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Decisions, more modules, or some good studio monitors?
MUFF WIGGLER Forum Index -> Modular Synth General Discussion Goto page 1, 2  Next [all]
Author Decisions, more modules, or some good studio monitors?
pristak
I'm about to send a bunch of stuff in to AH for store credit. I'm giving up my current studio room so my step son can get his own room and taking over the dining room with some small eventual renovations to turn it into an office. So, some stuff has to go, especially pedal and synth box based stuff. If I can't rack it easily and I haven't used it very recently it is out of here.

I was planning to get some new modules including a Mankato filter and a few other things. However, my studio is in poor shape. I'm mixing on headphones and then printing a cdr to play on a few different stereos to check the mix. I think I'll almost have enough for the Adam A7's that AH has. I'm very tempted to start focusing on getting the studio in better shape since I'm totally reorganizing everything anyway.

The concept of better utilizing what modules I have, and focusing on gear that will help improve my recording abilities and the ease of the recording process is really appealing to me the past few days.

Thoughts?
johnnymad
i say go for the monitors.
JohnLRice
ye, monitors . . . no use having all dem synthies if ya can't hear how purdy dey sound! hihi
Soy Sos
I say monitors, save a little money and keep an eye out
for some used Mackies HR824's.
thetwlo
i'd say skip the mackie's(I hear the china made ones aren't so hot anyway)
the only choice i see is ADAM A7 or Dynaudio BM5a. anything that competes? at this price?
Kent
What are the dimensions of your work area? Taking into account the whole room. This will tell me a lot about the size of monitors that you should look into. Is there any way to put up a quickie diagram of the layout?
timmah
monitors.

the A7s are great in that price range. also check out the smaller genelecs, KRKs (i don't like the sound of these two but some people do) and focal.
Scaff
Soy Sos wrote:
I say monitors, save a little money and keep an eye out
for some used Mackies HR824's.


SlayerBadger! I have mine since 8 years now and love them for their bass!!!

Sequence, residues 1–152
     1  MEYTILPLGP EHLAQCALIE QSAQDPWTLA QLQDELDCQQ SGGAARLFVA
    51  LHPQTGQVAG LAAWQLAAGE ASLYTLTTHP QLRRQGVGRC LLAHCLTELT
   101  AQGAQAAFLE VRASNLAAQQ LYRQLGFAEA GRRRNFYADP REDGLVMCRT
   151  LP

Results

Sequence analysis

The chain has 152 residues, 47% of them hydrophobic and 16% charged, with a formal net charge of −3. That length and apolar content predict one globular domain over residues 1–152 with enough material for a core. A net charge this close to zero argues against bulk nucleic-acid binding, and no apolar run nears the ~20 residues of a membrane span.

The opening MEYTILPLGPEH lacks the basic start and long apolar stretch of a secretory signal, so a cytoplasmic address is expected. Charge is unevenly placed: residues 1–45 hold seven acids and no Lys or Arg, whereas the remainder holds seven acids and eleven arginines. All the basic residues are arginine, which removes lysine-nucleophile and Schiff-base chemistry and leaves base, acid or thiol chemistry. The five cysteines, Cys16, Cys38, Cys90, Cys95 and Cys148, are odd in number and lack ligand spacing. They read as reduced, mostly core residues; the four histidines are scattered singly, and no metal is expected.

pristak
It is 10' by 11'.

The ceiling is 9' high by the sides, and it has 2 terraced steps up into a higher center that measure about 8" each. The ceiling must be about 10 1/2 feet at it's highest.
Audio Resistance
A few years ago I upgraded from a Mackie 16 vlz-pro to a Speck mixer, Mackie and Alesis monitors to Focal Twin 6 be, and Motu interface to a RME Fireface 800.

The Focals are one of the best things I have ever purchased, they have a Solo version that are a little closer to the Adams A-7 in price I think. Cleaning up my recording and playback path like that has allowed me to take advantage of the LO-FI gear I have by being able to dial in the positives aspects of it, not to mention that those Focals are a piece of cake to mix on.

Cheers,
Rob
synthetic
ADAM A7s are great. Add a subwoofer down the road.
elemental
another vote for monitors. I got the genelec 8040's but the ones down from that are sweet with a sub aswell.

monitors are your eyes in the studio. so important to get a) a decent enough pair but most important is b) to get to know them, by testing on other peoples speakers, checking your tunes in clubs if thats possible etc - I've heard of people that can do mixdowns on hi-fi speakers just cos they know how they translate really well.
Soy Sos
I know the Mackies are not the be all end all. The are however
affordable (for me), easy to get used to and translate well to other
systems. I've been using them for 12 years and although I've spent
more money on mics, preamps, computers, and yes modulars,
they've served me well. But hell there are better choices out there.
grin
Scaff
Youn are right that the mackies are not state-of-the-art but i found a good tool to feel my music even if i am living in a small flat. If i had the money i would buy some lipinksi monitor but i spent all my money for modular stuff Mr. Green
plord
I'm dying to hear the Dynaudio monitors in a controlled environment. I have their Audience 80s as my main stereo speaker and they are stupid good.

In the meantime I've still got some ancient JBLs in the studio, and a Mackie HR-120 sub, about which: hell yes. Good monitors are the gift that keeps on giving, go for it.
GeneralBigBag
Monitors, no question. It's not a sexy buy, but it's probably one of the highest improved sound/$ ratio things you can buy.

The A7s are great, but you may also want to try out the Yamaha HS50/80. They don't do the same thing as the A7s (sound great, spacious detailed etc), but there is truth in the saying that if you can get something sounding good on Yamaha HS50s, it will sound good on nearly everything...
criticalmonkey
monitors no question - don't scrimp on them and you can use them as long as most synths

dynaudios are great - have both the 6a and 5a versions at the office- go 6a if you can - best value for the dollar imho, not to mention they are solid down to 50hz (but disappear quickly after)

haven't used the a7's - never seem to be able to get a demo of them to compare